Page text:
We had the good fortune of connecting with Jeremy Folk and we’ve shared our conversation below.
Hi Jeremy, what led you to pursuing a creative path professionally?
I was never really an artistic person growing up. Math and science were always my strong subjects. I focused in the areas that would lead to a more stable career path, because that was my point of reference as a kid. My first real exposure to a creative field wasn’t until high school, when I begrudgingly took a photography class to satisfy my art requirement. Out of the options I had, photography seemed the least painful. (This was back in the ancient days of film and darkrooms.) But, as it turns out, this high school photography class really started it all. I began to understand the feeling of creating something. Especially something unique, from my own vision. When the pandemic started, it really forced me to slow down and introspect. I had a stable, well-paying job, a house, a family. But there was always something missing. I still felt that urge to create something of my own. That’s when I decided to start moving my passion for photography from a hobby towards a full time business.
Let’s talk shop? Tell us more about your career, what can you share with our community?
I think they great part about photography is that every photographer has their own unique perspective that sets them apart from other photographers. You can have five photographers using the same subject, and you will get five different photos. The way each person interprets light, color, composition, all comes together to create a unique final product.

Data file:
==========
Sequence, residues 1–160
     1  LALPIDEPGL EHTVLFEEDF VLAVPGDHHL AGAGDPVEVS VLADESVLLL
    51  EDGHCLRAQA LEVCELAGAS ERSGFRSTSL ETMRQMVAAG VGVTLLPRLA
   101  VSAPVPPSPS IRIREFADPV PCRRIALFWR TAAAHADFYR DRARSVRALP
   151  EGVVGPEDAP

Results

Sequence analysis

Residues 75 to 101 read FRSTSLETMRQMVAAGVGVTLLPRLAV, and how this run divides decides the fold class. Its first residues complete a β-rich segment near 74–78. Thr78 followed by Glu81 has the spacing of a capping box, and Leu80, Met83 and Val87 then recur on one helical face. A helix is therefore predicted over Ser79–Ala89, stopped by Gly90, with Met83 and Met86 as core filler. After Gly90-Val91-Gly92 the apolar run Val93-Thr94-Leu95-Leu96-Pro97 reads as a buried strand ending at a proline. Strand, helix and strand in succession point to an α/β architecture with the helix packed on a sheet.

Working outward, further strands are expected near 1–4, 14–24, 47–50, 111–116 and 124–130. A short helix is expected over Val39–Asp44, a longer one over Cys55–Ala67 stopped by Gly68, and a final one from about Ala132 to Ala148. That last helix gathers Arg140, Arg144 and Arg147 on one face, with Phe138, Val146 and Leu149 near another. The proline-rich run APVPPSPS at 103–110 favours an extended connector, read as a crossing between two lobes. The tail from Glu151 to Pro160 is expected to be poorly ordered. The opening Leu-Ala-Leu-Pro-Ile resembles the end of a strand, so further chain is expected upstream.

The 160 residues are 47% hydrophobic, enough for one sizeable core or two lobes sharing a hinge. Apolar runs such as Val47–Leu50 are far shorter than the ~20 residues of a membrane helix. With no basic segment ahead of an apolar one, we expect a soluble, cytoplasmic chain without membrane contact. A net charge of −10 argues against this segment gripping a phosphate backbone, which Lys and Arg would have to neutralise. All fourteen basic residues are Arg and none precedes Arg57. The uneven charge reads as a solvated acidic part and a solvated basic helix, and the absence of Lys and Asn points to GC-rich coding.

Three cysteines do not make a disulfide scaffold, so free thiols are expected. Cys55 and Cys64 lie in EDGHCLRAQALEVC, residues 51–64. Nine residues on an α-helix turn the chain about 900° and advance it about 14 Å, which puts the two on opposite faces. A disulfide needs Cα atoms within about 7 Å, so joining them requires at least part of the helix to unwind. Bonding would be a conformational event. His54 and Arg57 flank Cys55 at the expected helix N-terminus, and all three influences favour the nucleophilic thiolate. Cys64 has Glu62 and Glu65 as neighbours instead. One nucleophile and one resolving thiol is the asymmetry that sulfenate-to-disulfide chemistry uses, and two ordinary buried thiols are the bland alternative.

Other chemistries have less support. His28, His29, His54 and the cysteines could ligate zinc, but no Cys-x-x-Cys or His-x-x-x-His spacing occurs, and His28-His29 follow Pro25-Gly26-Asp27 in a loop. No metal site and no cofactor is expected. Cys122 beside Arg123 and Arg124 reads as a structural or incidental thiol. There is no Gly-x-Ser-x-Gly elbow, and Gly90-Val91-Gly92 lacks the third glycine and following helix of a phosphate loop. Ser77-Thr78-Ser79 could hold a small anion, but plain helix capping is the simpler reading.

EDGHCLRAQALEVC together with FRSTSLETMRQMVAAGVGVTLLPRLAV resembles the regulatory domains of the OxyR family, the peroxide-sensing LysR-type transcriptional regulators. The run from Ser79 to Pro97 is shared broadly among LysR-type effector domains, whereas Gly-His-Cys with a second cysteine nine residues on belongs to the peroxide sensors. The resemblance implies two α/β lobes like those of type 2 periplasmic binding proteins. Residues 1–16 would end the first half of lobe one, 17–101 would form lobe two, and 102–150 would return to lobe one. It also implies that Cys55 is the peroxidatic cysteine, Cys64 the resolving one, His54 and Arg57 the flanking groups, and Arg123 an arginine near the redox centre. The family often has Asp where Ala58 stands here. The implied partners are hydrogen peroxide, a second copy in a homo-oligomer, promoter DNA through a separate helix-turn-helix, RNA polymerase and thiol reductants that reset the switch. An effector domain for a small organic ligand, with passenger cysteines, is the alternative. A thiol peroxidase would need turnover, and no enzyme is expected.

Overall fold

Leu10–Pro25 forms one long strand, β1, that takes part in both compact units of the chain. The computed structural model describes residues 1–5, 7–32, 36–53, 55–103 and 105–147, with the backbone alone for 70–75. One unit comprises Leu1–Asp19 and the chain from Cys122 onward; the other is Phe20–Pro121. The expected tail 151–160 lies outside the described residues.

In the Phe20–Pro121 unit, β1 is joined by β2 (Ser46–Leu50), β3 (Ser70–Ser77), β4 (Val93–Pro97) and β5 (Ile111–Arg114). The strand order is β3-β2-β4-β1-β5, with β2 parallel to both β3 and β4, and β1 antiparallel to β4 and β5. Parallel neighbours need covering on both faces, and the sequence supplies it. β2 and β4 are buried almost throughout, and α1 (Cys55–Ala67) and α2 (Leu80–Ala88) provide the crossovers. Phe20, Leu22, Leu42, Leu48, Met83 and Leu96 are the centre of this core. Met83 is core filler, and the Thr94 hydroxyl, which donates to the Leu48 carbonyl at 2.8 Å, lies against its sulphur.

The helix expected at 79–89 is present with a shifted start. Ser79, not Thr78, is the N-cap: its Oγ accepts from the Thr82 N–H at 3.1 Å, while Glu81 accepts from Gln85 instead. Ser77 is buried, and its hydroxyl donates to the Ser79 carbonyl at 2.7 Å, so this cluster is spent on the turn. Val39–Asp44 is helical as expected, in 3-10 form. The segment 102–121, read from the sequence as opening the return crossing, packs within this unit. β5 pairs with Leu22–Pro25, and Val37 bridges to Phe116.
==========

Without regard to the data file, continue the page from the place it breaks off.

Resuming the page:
It definitely wasn’t easy to get where I am currently, and I still have a long way to go. There is a big gap between people liking the work you put out there and getting enough people to actually pay for your work in order to make a living. There are a lot of ups and downs as anyone in the creative field probably has experienced. I think comparing my work to other photographers is the easiest way to lose focus. I just constantly have to remind myself that they also went through their own journey to get where they are today, and it probably wasn’t fast or easy either. I always hear the saying that the only artist you should compare yourself to is you. Take inspiration from others, but as long as you are improving, that’s all that matters. Of course it’s always easier to say than to practice.
If you had a friend visiting you, what are some of the local spots you’d want to take them around to?
I’m very much an introvert, so I enjoy places that are less crowded. I would much rather head to the mountains or up to the coast (not the busy beaches). But, to contradict what I just said, I also love the city. Street photography is one of my favorite genres, so I enjoy being somewhere where I can capture images with a lot of human interaction. I’ll be honest though…this far into the pandemic, “going out” has turned into “ordering in.”
Shoutout is all about shouting out others who you feel deserve additional recognition and exposure. Who would you like to shoutout?
Definitely my wife Juliana. She continues to push me and doesn’t let me doubt myself when imposter syndrome kicks in. Actually she is also the reason I started taking portraits in the first place. Prior to meeting her I would shoot mainly landscape/cityscapes. About a year after we got married, she started acting again and needed a new headshot. I said I could take it for her, and it turned out horrible. I’ve been trying to compensate ever since!